My Daddy is a Cowboy

Man in the hat

My Daddy is the man in the hat.

When the neighborhood kids ask about my Mama being single, that is what I tell them, shuffling them into my closet where I have a movie poster of an old cowboy hidden, tacked up on the wall behind my gingham dress and the white frock I wore only once, at communion. The man in the poster is what my Mama would call “rugged,” with a dark moustache and a fedora shaded over his eyes.

“Why you got him in here?” Jimmy asks, sniffling. His nose is always runny and I make sure not to touch his hands or sleeves, because he doesn’t have any manners and wipes his snot on places where they shouldn’t be.

“Because Mama would cry if she saw him,” I say and elbow him over when he tries to paw at where Daddy has a small cleft, right on his chin. I tell Jimmy what I don’t tell the others – that Daddy was an outlaw, a wanted man, and that he’s on the run and he can’t send me letters or telegrams on account of the FBI.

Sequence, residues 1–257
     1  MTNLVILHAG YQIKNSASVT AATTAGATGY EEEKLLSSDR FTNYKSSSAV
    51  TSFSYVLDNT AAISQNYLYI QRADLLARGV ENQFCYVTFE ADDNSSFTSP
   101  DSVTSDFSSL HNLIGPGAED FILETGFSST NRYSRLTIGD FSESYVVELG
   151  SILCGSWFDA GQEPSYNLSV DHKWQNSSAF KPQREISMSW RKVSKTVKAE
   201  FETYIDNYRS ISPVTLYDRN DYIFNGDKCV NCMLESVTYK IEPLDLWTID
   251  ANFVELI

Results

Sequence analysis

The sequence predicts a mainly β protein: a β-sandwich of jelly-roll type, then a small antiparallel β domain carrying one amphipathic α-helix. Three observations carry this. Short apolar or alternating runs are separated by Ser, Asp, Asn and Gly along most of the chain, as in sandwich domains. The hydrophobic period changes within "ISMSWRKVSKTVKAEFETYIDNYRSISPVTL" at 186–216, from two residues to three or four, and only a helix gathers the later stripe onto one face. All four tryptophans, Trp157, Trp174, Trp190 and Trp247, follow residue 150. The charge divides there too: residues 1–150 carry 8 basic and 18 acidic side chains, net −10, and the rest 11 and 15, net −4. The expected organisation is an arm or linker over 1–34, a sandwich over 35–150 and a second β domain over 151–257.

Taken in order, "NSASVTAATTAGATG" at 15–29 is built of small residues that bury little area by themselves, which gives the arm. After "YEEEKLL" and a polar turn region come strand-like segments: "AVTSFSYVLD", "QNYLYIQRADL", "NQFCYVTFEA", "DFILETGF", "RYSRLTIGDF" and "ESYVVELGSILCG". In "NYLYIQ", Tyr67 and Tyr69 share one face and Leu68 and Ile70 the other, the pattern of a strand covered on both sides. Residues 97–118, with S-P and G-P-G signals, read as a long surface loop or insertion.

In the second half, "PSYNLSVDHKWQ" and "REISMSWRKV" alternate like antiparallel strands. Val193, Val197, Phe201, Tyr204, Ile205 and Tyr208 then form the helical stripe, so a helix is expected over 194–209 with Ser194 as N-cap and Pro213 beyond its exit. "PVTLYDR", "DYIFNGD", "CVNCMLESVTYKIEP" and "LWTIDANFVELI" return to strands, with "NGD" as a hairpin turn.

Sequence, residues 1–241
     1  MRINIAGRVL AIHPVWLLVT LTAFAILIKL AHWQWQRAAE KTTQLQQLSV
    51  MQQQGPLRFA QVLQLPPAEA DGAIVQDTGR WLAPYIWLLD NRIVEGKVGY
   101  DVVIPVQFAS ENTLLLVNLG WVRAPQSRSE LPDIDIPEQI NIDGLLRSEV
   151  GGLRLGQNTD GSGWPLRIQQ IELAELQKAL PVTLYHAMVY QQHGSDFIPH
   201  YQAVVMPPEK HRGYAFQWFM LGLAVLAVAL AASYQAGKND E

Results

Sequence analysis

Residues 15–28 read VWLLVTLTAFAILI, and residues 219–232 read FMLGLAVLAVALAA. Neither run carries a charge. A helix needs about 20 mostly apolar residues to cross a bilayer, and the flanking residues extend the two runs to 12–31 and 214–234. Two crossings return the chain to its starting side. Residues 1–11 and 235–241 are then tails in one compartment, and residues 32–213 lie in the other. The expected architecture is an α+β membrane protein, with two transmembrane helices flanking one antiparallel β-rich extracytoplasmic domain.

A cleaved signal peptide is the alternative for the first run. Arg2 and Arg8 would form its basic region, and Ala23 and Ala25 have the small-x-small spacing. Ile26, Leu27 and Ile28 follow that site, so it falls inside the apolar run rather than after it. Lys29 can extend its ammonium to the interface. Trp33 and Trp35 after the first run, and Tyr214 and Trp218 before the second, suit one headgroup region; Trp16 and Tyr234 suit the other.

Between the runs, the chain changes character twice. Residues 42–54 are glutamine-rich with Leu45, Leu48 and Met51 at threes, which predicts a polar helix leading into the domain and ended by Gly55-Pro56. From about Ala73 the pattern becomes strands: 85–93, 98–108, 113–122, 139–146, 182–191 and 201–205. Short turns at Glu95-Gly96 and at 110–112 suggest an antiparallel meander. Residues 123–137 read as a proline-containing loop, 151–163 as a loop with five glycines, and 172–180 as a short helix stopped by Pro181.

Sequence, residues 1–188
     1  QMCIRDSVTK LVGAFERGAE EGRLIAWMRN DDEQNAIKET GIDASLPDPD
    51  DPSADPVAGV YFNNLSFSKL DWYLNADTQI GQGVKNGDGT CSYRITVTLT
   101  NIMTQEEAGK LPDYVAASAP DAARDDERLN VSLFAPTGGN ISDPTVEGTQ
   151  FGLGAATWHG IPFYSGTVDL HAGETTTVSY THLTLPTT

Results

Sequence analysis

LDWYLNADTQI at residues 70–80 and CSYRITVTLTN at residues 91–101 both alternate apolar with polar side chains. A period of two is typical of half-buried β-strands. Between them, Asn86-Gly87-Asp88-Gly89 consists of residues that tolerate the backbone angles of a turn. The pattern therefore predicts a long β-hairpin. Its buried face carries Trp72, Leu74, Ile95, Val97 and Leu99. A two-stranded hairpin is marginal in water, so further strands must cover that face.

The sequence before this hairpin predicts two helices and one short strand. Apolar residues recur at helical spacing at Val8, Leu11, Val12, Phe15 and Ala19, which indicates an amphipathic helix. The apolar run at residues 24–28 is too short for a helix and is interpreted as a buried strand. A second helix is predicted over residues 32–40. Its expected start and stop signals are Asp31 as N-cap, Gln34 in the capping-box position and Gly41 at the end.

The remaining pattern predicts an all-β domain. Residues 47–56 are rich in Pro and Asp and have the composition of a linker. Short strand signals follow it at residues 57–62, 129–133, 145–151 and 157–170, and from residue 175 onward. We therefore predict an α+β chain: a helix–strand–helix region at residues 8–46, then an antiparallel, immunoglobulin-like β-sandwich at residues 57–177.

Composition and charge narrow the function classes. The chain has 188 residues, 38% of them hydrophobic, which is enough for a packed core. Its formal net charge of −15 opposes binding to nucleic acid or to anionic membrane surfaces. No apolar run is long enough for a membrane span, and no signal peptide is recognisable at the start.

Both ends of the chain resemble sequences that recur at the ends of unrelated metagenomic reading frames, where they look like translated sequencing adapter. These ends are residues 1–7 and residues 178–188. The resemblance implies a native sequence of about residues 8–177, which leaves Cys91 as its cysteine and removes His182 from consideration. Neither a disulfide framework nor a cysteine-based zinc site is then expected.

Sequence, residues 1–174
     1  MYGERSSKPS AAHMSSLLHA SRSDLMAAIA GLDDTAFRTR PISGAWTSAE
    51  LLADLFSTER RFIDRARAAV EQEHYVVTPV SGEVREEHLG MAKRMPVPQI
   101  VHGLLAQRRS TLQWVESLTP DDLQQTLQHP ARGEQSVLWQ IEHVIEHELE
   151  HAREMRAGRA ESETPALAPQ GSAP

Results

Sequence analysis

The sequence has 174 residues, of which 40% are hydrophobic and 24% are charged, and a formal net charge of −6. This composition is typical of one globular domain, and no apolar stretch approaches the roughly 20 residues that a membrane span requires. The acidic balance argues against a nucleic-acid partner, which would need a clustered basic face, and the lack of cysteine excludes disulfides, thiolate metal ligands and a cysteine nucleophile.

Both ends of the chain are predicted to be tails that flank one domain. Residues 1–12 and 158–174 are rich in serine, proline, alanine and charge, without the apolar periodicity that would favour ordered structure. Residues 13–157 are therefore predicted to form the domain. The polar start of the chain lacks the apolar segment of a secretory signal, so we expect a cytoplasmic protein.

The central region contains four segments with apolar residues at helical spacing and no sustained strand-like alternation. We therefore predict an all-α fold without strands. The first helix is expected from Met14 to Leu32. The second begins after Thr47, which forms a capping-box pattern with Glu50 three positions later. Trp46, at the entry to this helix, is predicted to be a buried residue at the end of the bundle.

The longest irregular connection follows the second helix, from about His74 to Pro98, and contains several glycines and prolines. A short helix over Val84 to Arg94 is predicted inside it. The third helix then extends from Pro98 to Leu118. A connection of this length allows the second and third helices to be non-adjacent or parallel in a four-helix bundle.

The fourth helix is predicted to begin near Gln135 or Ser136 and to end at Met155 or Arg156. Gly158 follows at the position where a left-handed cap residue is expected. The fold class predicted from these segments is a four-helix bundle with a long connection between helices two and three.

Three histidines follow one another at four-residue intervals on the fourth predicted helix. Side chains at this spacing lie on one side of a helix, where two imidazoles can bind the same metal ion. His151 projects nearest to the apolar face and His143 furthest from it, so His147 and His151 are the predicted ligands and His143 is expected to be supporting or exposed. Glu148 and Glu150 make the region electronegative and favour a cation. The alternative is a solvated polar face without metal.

Jimmy’s eyes grow large and wide, and he looks at the poster, and then at me, in a queer special way.

At school the next day, he pulls his baseball cap low over his brow in the cafeteria when we pass by each other during lunch. I give him a solemn nod, like he’s a cowboy saying “Howdy,” and I’m the schoolteacher who he’ll end up romancin’.


Daddy’s Girl

Like the veil of a bride
Tender falls the night
Around your sleeping head.
The moon as your attendant
Watches with shy pride
While leaves tap on the window —
Harbingers of future courtiers.